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J. Farrell MacDonald
A newly married couple arrives at the home of the husband's late wife, where the gardens have been maintained by a gardener faithful to the dead woman's memory. Soon, eerie events lead the new wife to think she's losing her mind.
Insurance salesman Albert Tuttle arrives at the Cyrus J. Rutherford estate to sell the millionaire some life insurance. Rutherford is already dead and his heirs have gathered at the mansion to hear the reading of the will. Rutherford's will won't be read until he is properly entombed and the heirs are forced to stay on the premises or be denied their inheritance. Tuttle soon finds himself mixed up in shenanigans involving Rutherford's niece, secret passages, a missing body and murder. Written by
The failure of the original copyright holder to renew the film's copyright resulted in it falling into public domain, meaning that virtually anyone could duplicate and sell a VHS/DVD copy of the film. Therefore, many of the versions of this film available on the market are either severely (and usually badly) edited and/or of extremely poor quality, having been duped from second- or third-generation (or more) copies of the film. See more »
[on the phone]
Yeah, yeah, I know. But call me tomorrow. I gotta get outta here.
Hey, Tuttle. I got a date for you tonight. Dot's cousin just got into town and you and I...
I already have an engagement. I've had it for over a month: with Cyrus J. Rutherford.
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An old man dies so his family who he hated comes for the will reading. The old man's request is that no one leaves the house until he is buried in a way that he wishes. If anyone leaves the house they will get no money so with everyone together soon bodies begin to pile up. An insurance salesman (Jack Haley) shows up and soon he's trying to figure out who is doing the killing. Could it be the creepy butler (Bela Lugosi)?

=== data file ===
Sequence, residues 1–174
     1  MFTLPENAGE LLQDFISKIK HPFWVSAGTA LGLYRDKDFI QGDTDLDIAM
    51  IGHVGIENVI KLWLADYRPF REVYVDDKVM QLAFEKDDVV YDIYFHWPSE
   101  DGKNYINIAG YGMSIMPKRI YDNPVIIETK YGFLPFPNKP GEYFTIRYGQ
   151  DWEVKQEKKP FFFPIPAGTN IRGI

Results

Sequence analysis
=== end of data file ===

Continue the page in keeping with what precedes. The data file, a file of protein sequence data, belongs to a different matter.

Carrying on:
The 1930s were full of "old dark house" movies that usually mixed mystery, horror and comedy. Then 1939's THE CATAND THE CANARY pretty much ended the genre because it was simply so good that "B" studios really didn't try to jump back on the bandwagon. That was until ONE BODY TOO MANY came along, which is clearly a thrown back to the previous decade when these types of movies were being released monthly.
There are a few interesting ideas scattered around this film and it contains some good performances but there's just too much "been there, done that" to fully enjoy what it has to offer. The biggest problem is that the screenplay has way too many characters and more times than not you lose track of who is who and which one has done this or that. Being so hard to follow doesn't help when you're trying to make sense of the plot. The film has a rather strange and nutty bit of comedy but it has its charm.
Healy will always be remembered for his role in THE WIZARD OF OZ but he makes good as the insurance salesman who finds himself at the wrong place at the wrong time. The supporting cast of characters are all good but it's clearly Lugosi who steals the film in his very small role. He really isn't given too much to do but when he's on screen his comic timing and wink to the crowd is certainly enjoyable and helps keep the film moving.
ONE BODY TOO MANY is worth watching if you're a fan of the genre but it certainly doesn't add anything new to the genre.
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